As far as i know it's nothing too important, and the anti-d injection just means that your body doesn't produce antibodies which could harm the baby, or future babies.

    I also have neg blood, and had an anti d shot before and it was fine :flower:
  5. michyk84

    michyk84 Well-Known Member

    May 13, 2011
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    as well as getting one if you bleed during pregnancy if you fall over or have a bang to your bump you need 1 then as well
  6. Tass

    Tass Well-Known Member

    Sep 1, 2009
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    I'm RH too & had a small bleed a few weeks ago so needed the anti d injection. It's really no big deal & was told I'll need another one at 28 & 34 weeks. The midwife & doctor didn't seem very concerned at all it was just a routine thing so don't worry hun it's no big deal xx
  7. Cherrybinky

    Cherrybinky Guest

    I found out yesterday Im Rh Neg too. The midwife said 20% of the population are this 'rare' blood type but it does seem to be more common than expected. Anti D injections will be offered and they go straight into your vein at 28 weeks. I hate needles but its got to be done. What annoyed me is they didnt offer to check OH blood type which may mean the injections can be avoided!
  8. Ouverture

    Ouverture Well-Known Member

    Oct 23, 2010
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    I'm RH-Negative.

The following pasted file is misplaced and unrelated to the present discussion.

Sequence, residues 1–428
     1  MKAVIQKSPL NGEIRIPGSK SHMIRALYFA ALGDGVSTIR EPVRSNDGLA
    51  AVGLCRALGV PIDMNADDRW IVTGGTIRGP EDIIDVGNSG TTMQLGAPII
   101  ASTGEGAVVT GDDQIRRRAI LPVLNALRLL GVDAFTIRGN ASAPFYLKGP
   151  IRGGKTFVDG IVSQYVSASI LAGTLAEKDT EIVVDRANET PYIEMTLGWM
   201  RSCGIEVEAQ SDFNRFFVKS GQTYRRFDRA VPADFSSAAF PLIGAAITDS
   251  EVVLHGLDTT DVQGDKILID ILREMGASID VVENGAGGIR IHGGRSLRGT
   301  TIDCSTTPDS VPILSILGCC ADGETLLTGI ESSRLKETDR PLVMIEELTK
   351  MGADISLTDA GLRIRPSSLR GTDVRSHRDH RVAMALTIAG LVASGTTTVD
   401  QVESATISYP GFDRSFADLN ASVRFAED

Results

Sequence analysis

Understand that if this is your first baby, there is little/no risk to him. . .the problem is with FUTURE babies.

    If the father is RH-Pos, then it's possible that your current baby is RH-Pos. Blood from your baby could enter your blood stream if you bleed/spot and during the birth, and your RH-Neg. blood will go on attack and form antibodies against the RH-pos blood. . .making you 'sensitized'.

    If you become 'sensitized', your next baby will be attacked by your own blood.

    The Anti-D injections are to keep you from 'sensitizing' to any possible RH-Pos blood in your system. It's important, it's safe, and as scary as it sounds, this is NOT a big deal :) :) :)

    I had anti-d at 7 weeks because I was spotting. We later found out that my husband is RH-Neg and thus, our baby is as well. . .so I don't have to get Anti-d even though I'm RH-Neg.

    HTH! :flower:
  9. new_mum

    new_mum Well-Known Member

    Jun 6, 2011
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    I'm also Rh Neg. I received a letter in the post to inform me of this a few weeks after my bloods were taken at booking in appt, then at 20 week scan I had to go and speak to a midwife who discussed what Rh Neg is and booked me in to have the anti-D injection at 29 weeks. My hospital offers the 1 double dose injection instead of 1 at 28 wks and then another at 34 wks which I'm glad to hear as I hate needles!

    I think you also get one after the birth if baby's blood turns out to be Rh Pos but if it inherits your blood type you don't need to have it.